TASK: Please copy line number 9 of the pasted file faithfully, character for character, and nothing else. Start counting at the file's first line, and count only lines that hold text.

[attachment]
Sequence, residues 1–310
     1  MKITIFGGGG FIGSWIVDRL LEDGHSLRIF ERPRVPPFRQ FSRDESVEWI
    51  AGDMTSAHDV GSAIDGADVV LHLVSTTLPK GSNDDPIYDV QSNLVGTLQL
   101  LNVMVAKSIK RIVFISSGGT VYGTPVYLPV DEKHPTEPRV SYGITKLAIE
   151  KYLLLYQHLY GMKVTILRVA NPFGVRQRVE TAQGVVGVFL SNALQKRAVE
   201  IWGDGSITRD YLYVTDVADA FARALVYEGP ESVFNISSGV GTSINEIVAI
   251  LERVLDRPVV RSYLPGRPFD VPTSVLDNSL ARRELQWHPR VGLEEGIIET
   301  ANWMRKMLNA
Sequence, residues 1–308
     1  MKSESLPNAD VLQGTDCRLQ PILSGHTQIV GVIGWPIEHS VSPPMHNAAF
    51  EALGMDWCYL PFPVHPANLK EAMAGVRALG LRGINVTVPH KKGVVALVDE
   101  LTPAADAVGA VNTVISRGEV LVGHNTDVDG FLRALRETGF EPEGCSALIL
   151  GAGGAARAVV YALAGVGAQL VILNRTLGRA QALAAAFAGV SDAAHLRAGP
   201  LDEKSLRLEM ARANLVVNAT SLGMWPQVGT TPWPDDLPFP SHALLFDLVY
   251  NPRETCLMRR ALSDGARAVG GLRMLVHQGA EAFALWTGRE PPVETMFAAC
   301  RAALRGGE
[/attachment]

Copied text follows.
Sequence, residues 1–308